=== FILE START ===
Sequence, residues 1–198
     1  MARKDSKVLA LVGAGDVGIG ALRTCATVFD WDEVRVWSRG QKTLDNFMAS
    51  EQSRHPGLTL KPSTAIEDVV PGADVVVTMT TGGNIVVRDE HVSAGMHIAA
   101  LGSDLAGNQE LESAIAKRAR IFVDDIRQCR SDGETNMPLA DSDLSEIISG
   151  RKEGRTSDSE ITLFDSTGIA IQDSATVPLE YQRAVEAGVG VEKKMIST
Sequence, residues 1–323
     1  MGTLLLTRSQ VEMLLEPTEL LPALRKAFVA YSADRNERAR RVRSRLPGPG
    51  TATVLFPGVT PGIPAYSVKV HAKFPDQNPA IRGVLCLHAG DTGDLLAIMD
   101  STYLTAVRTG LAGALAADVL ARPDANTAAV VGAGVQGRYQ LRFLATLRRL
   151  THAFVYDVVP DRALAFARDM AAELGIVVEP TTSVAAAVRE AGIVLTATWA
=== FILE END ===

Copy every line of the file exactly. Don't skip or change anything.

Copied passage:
Sequence, residues 1–198
     1  MARKDSKVLA LVGAGDVGIG ALRTCATVFD WDEVRVWSRG QKTLDNFMAS
    51  EQSRHPGLTL KPSTAIEDVV PGADVVVTMT TGGNIVVRDE HVSAGMHIAA
   101  LGSDLAGNQE LESAIAKRAR IFVDDIRQCR SDGETNMPLA DSDLSEIISG
   151  RKEGRTSDSE ITLFDSTGIA IQDSATVPLE YQRAVEAGVG VEKKMIST
Sequence, residues 1–323
     1  MGTLLLTRSQ VEMLLEPTEL LPALRKAFVA YSADRNERAR RVRSRLPGPG
    51  TATVLFPGVT PGIPAYSVKV HAKFPDQNPA IRGVLCLHAG DTGDLLAIMD
   101  STYLTAVRTG LAGALAADVL ARPDANTAAV VGAGVQGRYQ LRFLATLRRL
   151  THAFVYDVVP DRALAFARDM AAELGIVVEP TTSVAAAVRE AGIVLTATWA